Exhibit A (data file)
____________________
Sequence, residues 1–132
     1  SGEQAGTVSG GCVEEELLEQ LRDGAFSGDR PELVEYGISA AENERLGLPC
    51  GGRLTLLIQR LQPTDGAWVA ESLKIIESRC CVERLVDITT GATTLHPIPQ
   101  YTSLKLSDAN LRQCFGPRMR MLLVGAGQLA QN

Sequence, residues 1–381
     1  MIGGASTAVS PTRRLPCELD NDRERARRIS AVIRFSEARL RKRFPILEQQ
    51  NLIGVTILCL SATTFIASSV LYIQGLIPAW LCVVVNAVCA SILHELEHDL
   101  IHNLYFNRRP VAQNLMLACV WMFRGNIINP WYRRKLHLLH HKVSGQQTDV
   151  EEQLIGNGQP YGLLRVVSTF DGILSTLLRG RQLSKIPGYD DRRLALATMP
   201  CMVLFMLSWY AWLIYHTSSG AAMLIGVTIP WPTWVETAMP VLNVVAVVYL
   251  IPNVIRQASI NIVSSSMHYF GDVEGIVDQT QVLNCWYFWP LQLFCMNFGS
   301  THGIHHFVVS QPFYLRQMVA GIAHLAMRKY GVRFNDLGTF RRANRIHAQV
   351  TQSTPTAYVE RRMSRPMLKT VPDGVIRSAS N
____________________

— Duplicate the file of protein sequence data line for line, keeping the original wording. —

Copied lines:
Sequence, residues 1–132
     1  SGEQAGTVSG GCVEEELLEQ LRDGAFSGDR PELVEYGISA AENERLGLPC
    51  GGRLTLLIQR LQPTDGAWVA ESLKIIESRC CVERLVDITT GATTLHPIPQ
   101  YTSLKLSDAN LRQCFGPRMR MLLVGAGQLA QN

Sequence, residues 1–381
     1  MIGGASTAVS PTRRLPCELD NDRERARRIS AVIRFSEARL RKRFPILEQQ
    51  NLIGVTILCL SATTFIASSV LYIQGLIPAW LCVVVNAVCA SILHELEHDL
   101  IHNLYFNRRP VAQNLMLACV WMFRGNIINP WYRRKLHLLH HKVSGQQTDV
   151  EEQLIGNGQP YGLLRVVSTF DGILSTLLRG RQLSKIPGYD DRRLALATMP
   201  CMVLFMLSWY AWLIYHTSSG AAMLIGVTIP WPTWVETAMP VLNVVAVVYL
   251  IPNVIRQASI NIVSSSMHYF GDVEGIVDQT QVLNCWYFWP LQLFCMNFGS
   301  THGIHHFVVS QPFYLRQMVA GIAHLAMRKY GVRFNDLGTF RRANRIHAQV
   351  TQSTPTAYVE RRMSRPMLKT VPDGVIRSAS N